Grand visions One of the main earners for Qatar will eventually be the Pearl gas to liquids (GTL) project based in Ras Laffan. Once constructed, it will be the largest GTL plant in the world and will operate under a production sharing agreement (PSA) between Qatar Petroleum and oil giant Shell. It is set to churn out 140,000 barrels a day of petroleum products. Phase 1 of the Pearl GTL is due to come online later this year. Shell senior executive Gerrit-Jan Smitskamp


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told Reuters that a 50,000-strong workforce is working on the project and that twice as much concrete has been poured compared to that used to construct the world’s tallest building – Dubai’s Burj Khalifa. Qatar’s abundance of hydrocarbons are in hot demand, especially among emerging Asian economies. The US even received its first ever shipment of Qatar LNG in December. This is a process where the gas is cooled to 160°C, shrinking it by 600 times its original size. LNG, which is about twice as clean to burn as oil, is then shipped around the world in supertankers. In order to meet growing demand, investment has been made into its fleet of transportation vessels. “This has enabled Qatar to reach new markets that are otherwise not accessible, such as China, Japan and Europe,” Anani explains. “This is in addition to positively reducing the heavy cost of transporting LNG due to economies of scale, which in turn made Qatari LNG more competitive.” Dr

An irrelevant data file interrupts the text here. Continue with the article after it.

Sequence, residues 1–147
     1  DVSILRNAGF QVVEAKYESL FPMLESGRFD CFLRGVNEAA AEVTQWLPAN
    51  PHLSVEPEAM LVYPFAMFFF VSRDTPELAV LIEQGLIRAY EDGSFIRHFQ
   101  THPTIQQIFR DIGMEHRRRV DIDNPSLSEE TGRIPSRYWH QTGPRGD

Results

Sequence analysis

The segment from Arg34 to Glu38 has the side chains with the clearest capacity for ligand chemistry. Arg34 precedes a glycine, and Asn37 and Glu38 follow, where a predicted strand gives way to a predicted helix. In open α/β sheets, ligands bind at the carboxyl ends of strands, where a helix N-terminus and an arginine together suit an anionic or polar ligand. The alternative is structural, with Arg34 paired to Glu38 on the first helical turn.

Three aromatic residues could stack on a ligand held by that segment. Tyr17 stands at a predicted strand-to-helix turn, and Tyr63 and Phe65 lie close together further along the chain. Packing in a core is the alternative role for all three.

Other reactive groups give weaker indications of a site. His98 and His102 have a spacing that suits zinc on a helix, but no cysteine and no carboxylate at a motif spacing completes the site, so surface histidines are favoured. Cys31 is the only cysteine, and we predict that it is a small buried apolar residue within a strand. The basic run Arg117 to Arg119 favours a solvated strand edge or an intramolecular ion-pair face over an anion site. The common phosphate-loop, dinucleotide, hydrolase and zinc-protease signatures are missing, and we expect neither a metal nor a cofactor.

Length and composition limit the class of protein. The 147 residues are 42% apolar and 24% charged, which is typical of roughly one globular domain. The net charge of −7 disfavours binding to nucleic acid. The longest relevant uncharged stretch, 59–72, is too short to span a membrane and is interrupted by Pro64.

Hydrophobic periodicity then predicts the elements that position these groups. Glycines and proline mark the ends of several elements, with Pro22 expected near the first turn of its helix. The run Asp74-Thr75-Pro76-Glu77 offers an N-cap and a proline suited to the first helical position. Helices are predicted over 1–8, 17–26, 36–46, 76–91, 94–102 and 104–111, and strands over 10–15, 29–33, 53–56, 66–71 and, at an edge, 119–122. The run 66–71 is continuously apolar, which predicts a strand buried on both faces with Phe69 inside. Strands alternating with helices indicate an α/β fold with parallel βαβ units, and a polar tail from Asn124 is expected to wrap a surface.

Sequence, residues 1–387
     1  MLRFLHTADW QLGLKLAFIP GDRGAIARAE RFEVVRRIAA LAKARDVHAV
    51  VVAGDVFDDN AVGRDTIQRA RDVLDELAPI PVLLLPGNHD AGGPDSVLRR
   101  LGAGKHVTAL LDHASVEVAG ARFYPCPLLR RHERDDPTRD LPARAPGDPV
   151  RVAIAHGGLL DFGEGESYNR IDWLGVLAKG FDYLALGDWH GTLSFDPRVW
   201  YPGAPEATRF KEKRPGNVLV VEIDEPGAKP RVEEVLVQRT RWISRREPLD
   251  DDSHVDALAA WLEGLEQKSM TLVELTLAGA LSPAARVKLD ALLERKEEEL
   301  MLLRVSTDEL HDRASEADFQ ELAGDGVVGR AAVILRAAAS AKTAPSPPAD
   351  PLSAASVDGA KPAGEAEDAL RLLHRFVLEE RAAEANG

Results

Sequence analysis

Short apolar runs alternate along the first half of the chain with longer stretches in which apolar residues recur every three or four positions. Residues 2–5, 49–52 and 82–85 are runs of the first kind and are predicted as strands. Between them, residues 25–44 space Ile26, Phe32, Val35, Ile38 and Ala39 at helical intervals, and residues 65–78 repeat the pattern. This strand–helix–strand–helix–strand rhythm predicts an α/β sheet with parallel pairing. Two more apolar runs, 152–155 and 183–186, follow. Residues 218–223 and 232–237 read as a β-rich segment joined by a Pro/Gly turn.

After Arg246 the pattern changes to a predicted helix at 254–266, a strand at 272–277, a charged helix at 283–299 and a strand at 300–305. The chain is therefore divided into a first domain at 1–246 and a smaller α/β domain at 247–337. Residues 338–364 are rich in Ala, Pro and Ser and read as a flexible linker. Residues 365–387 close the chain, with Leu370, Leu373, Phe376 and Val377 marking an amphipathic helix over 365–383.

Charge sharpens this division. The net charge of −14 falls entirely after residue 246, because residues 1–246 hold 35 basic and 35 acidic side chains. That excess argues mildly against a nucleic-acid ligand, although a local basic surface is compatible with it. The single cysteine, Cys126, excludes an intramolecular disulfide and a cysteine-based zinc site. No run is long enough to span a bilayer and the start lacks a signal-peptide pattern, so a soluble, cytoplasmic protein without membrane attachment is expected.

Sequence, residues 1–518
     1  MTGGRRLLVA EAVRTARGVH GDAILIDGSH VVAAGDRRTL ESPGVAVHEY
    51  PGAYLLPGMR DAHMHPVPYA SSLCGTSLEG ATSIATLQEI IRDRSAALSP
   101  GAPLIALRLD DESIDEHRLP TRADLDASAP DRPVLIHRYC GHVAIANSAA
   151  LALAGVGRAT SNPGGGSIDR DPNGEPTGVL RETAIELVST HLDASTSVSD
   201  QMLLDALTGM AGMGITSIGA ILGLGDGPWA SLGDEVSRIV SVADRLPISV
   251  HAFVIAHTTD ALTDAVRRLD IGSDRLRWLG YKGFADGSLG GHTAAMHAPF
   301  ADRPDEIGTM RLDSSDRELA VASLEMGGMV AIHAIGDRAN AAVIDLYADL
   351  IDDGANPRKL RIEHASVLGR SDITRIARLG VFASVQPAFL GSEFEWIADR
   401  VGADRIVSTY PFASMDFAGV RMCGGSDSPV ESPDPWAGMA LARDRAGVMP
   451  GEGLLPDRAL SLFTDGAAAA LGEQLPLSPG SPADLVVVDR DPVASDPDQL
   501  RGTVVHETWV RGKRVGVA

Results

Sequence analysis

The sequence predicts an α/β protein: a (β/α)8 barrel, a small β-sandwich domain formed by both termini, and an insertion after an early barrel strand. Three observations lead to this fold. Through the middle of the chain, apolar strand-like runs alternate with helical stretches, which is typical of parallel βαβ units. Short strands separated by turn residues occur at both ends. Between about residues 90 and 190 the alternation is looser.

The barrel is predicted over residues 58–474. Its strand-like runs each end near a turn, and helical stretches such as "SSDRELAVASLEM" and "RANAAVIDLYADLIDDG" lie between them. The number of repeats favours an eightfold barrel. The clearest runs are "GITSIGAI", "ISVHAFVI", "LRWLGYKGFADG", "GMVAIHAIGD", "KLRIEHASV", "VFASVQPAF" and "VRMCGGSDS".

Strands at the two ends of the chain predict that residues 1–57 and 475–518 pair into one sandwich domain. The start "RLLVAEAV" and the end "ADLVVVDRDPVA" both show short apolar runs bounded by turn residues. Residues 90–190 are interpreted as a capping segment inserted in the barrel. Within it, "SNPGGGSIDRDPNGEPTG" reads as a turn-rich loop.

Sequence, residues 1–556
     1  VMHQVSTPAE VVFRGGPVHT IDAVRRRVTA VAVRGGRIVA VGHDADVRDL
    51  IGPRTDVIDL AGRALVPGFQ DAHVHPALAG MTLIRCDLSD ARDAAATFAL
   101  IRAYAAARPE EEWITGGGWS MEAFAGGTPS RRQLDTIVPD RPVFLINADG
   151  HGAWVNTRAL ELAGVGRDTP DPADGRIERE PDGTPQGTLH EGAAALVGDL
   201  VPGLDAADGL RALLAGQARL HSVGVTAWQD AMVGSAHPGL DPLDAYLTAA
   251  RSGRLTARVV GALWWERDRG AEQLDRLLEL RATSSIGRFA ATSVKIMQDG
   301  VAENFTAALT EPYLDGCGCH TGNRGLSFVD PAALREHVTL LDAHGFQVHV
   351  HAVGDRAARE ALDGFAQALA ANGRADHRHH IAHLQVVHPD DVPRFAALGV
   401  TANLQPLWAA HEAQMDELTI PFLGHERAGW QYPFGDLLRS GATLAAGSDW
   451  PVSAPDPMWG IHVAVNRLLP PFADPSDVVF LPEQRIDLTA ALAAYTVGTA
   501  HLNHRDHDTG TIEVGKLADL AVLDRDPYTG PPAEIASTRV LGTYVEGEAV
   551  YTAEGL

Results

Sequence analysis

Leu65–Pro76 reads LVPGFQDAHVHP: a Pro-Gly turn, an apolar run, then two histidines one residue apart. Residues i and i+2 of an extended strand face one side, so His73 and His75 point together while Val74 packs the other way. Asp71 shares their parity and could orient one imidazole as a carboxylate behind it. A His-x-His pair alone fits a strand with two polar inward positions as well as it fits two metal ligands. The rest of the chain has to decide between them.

Eckart Woertz, Program Manager of Economics at the Gulf Research Centre, says Qatar is “heavily dependent” on energy exports. “Its challenge will be to enhance the value chain of its oil production into petrochemicals and heavy industries and prudent management of its foreign assets.”